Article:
Property prices double in market towns
House prices in market towns have seen huge rises as city dwellers escape urban sprawl.
00:01 12 June 2004
House prices in market towns have seen a huge rises as city dwellers try to escape the urban sprawl.
The exodus from the concrete jungle to a more rural location has meant that property prices have more than doubled since 1995.
Halifax, which carried out the research, focused on house prices in 112 English market towns, with populations of between 3,000 and 30,000.
The chief economist at Halifax, Martin Ellis, said: "Market towns are usually very attractive places to live. This is reflected in the majority of market towns having higher property prices than their surrounding counties and the more than doubling in average prices since 1995 in all but a few exceptions."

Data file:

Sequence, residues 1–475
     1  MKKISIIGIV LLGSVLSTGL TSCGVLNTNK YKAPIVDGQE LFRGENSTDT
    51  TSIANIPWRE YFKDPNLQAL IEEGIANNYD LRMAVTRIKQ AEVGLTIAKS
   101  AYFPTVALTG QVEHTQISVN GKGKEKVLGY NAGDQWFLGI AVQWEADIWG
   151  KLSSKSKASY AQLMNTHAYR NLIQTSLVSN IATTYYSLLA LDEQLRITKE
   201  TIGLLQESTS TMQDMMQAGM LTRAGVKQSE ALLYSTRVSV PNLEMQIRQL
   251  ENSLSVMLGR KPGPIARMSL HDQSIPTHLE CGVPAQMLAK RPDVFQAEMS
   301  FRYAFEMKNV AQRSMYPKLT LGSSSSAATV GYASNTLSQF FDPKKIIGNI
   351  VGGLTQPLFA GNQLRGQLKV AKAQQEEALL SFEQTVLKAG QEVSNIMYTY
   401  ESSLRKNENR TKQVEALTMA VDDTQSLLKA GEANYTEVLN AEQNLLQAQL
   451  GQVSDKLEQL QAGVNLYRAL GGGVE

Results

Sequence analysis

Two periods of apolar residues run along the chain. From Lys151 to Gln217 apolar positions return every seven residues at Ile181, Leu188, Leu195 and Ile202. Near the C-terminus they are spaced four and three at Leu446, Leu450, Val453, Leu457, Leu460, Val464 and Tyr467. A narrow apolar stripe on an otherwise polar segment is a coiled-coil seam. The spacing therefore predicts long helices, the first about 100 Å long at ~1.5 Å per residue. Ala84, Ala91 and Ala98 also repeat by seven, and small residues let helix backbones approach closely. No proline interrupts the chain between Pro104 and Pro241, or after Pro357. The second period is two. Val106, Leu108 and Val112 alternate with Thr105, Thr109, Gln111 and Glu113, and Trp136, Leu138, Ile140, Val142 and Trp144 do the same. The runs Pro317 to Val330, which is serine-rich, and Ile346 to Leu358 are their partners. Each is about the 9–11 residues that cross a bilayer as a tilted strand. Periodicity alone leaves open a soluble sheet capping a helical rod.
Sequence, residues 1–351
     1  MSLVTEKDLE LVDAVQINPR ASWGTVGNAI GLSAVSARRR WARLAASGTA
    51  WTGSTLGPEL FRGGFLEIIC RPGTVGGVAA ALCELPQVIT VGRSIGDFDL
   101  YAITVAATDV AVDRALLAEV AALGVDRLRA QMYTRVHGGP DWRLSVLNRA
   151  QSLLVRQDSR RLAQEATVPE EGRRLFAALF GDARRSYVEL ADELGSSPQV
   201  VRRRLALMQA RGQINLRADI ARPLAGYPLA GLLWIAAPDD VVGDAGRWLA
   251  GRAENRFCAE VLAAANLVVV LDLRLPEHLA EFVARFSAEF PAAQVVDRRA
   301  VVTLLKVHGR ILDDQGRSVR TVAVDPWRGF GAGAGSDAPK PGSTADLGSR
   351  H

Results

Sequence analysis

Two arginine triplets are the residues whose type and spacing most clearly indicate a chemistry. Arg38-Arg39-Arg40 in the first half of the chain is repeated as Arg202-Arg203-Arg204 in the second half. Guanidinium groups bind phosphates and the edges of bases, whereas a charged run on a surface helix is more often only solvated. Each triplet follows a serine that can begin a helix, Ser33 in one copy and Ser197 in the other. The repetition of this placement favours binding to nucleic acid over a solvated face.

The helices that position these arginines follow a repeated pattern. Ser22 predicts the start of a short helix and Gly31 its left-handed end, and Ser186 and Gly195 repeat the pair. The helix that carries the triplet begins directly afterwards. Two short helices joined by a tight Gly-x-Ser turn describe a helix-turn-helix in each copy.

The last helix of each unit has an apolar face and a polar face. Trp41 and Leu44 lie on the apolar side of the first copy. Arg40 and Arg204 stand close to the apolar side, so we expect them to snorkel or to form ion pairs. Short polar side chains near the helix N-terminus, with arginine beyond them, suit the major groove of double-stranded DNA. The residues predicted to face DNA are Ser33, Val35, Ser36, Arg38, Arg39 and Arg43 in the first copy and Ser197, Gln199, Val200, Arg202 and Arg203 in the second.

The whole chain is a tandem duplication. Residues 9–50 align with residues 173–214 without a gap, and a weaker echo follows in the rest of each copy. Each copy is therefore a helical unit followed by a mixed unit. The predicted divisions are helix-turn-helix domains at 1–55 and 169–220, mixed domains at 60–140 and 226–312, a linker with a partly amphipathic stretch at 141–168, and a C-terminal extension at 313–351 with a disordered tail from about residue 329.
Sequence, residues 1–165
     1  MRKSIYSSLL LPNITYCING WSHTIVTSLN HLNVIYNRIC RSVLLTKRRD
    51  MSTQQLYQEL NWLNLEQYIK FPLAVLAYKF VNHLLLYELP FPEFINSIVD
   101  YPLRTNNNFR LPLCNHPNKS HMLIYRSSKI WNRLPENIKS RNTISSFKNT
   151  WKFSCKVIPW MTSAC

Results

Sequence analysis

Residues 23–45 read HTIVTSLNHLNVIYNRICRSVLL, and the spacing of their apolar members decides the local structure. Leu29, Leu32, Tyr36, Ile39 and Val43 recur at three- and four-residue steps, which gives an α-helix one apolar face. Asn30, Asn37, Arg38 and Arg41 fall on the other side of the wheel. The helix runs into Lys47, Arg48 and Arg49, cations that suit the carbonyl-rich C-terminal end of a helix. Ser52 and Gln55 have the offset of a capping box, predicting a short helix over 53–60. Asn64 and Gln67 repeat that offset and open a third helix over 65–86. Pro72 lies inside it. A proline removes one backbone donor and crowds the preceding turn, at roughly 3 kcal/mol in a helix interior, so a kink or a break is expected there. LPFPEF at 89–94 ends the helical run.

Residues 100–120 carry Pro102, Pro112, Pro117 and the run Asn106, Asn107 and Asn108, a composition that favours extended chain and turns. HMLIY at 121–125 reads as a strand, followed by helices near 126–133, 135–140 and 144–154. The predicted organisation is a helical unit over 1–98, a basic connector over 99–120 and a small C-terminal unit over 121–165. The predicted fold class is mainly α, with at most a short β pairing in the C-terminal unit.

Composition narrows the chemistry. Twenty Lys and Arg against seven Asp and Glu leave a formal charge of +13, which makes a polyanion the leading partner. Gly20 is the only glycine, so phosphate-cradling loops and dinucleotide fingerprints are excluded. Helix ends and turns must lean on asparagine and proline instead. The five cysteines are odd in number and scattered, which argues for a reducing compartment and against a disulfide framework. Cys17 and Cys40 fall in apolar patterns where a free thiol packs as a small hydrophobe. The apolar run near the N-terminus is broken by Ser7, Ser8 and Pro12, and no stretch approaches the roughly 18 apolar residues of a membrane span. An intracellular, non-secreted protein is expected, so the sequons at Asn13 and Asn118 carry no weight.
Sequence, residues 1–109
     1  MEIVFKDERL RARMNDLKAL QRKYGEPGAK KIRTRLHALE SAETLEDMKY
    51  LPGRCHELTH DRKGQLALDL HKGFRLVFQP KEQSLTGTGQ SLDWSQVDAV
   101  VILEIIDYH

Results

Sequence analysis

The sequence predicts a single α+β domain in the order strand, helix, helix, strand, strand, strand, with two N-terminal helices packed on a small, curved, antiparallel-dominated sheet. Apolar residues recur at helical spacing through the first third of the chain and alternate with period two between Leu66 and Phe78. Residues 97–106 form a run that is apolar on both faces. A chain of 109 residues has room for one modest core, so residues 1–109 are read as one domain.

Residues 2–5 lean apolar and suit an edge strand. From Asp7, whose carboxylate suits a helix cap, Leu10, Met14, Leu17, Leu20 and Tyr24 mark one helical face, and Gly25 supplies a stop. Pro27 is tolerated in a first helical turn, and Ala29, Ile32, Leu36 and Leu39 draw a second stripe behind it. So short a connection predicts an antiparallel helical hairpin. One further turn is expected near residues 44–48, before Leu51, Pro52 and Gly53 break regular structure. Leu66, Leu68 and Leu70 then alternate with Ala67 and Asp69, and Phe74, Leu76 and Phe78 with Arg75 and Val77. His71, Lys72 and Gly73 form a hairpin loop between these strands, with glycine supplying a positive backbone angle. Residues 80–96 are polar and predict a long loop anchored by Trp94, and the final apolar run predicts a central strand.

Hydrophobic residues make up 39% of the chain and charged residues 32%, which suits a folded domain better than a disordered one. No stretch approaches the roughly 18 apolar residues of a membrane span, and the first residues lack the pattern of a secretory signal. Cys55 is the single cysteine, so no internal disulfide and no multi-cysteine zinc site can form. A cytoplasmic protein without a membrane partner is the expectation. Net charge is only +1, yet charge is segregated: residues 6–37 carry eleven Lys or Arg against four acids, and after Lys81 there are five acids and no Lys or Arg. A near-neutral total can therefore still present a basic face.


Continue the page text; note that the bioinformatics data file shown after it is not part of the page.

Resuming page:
Halifax discovered that ten market towns in England have an average house price in excess of 250,000. Beaconsfield in Buckinghamshire tops the list, with an average price of 550,495, followed by Midhurst in West Sussex (279,840) and Ringwood in Hampshire (279,266).
Thirty-six market towns have an average house price above 200,000, with the overwhelming majority being in the South East and the South West.
Midhurst in West Sussex recorded the biggest price rise since 1995, witnessing an increase of 223 per cent. Bodmin in Cornwall was a close second with 221 per cent growth.
Overall, house prices have at least doubled in all the market towns examined since 1995 with only four exceptions; and two-thirds of them have an average house price above the average for their county.